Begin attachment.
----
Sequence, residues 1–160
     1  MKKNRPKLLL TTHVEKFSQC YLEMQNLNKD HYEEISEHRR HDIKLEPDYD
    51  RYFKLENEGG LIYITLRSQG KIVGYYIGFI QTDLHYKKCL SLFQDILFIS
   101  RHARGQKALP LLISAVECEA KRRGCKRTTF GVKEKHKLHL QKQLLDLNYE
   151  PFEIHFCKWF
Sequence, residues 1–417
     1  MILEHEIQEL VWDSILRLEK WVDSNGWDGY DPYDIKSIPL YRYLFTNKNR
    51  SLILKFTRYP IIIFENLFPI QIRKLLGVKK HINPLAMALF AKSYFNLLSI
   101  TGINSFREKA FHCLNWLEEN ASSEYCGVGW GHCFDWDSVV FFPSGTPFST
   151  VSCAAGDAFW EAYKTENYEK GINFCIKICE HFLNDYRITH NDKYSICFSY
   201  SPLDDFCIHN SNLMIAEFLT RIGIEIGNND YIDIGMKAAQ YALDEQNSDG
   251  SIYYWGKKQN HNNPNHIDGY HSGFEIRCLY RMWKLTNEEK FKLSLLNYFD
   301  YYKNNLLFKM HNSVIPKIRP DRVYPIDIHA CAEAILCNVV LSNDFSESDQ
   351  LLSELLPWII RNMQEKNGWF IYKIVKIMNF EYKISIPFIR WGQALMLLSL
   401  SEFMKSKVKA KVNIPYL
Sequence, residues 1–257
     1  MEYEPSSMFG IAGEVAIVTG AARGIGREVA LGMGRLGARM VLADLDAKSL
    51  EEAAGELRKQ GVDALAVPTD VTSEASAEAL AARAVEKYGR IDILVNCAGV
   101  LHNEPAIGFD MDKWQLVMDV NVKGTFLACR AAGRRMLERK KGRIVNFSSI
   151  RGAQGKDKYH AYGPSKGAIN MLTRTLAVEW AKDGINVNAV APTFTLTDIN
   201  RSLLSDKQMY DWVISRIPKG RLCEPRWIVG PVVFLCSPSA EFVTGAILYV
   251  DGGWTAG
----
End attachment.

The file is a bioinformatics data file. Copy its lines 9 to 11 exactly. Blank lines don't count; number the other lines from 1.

   101  TGINSFREKA FHCLNWLEEN ASSEYCGVGW GHCFDWDSVV FFPSGTPFST
   151  VSCAAGDAFW EAYKTENYEK GINFCIKICE HFLNDYRITH NDKYSICFSY
   201  SPLDDFCIHN SNLMIAEFLT RIGIEIGNND YIDIGMKAAQ YALDEQNSDG